No, really folks, we did not.
Itís just that one thing led to another and here we are some four months later
in Panajachel. Believe me, it could be worse. What I mean is that we could be
stuck in a lot of places and Pana, as the locals call it, is one nice place to
be. The outstanding natural beauty of this
- like Lake Tahoe in northern Californiaa only warmer with the funky feel of Key
West Florida - is one reason
this place is a draw. Other pleasant pulls are the kindness of the Mayan people,
vibrant fruits and vegetables and a variety of cultures around the lake. There
is also an expat community here which is very much involved in the local
Perfect innocence of the Maya children
Ok, weíre not really stuck but
decided to spend more time here which is a benefit of our lifestyle.
Iíve nicknamed Panajachel
ďThailand LiteĒ since there are many similarities. The cost of living is about
the same or less than in
Thailand. Tuk tuks are everywhere, and at 5Qís (about
60 cents) per trip, itís a deal to get anywhere in a hurry. In both locations
street food is available at all hours, volunteer opportunities abound, handiwork
is high quality, access to the indigenous is easy and people are warm and
welcoming. In Thailand one can enter a Buddhist Wat at any time of day for some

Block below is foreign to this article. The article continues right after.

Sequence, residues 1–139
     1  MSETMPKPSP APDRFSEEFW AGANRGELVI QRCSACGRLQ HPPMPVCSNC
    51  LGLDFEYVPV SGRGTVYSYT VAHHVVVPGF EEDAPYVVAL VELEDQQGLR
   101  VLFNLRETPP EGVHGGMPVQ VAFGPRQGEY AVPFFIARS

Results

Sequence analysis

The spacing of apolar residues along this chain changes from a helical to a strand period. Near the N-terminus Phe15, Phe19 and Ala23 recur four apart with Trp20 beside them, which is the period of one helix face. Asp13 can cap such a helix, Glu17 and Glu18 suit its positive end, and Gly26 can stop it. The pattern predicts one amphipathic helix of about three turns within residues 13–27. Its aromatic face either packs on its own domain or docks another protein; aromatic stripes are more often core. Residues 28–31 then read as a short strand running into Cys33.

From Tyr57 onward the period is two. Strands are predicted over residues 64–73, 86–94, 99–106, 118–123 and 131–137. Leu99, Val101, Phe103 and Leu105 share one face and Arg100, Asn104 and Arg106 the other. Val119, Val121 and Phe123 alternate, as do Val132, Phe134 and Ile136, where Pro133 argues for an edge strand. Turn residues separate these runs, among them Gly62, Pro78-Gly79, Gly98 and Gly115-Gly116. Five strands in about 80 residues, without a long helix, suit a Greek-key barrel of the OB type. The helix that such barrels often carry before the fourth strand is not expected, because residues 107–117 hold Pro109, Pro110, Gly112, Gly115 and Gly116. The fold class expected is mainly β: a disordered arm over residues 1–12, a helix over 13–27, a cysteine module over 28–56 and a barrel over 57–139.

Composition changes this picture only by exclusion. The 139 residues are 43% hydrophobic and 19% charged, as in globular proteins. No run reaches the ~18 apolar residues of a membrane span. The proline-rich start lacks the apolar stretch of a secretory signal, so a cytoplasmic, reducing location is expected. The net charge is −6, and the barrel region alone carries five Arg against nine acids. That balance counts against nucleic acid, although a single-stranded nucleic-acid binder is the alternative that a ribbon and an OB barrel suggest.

peace and quiet, and the same goes for entering a Church here in town.
Strong Maya families
Air quality is better here in
Pana than in Chiang Mai, Thailand where at certain times of the year it is smart
to wear a breathing mask. Overall, the health
care is better in Thailand - although my
recent medical adventure in Guatemala City
went very well.
Mai has an international airport, whereas itís a three
hour drive to get to one from Pana. You can receive a
two hour massage
in Thailand for $6-$10 dollars and here at Lakeside it is $30 for an hour and a
Guatemala has the same time
zone as the Central U.S and flights from the States are much shorter than
traveling to Thailand. The local currency, called the Quetzal, is pretty much
pegged to the Dollar so a weaker dollar is not hurting us here. Compare this to
the years we traveled through Thailand where the Baht went from 45 to one U.S.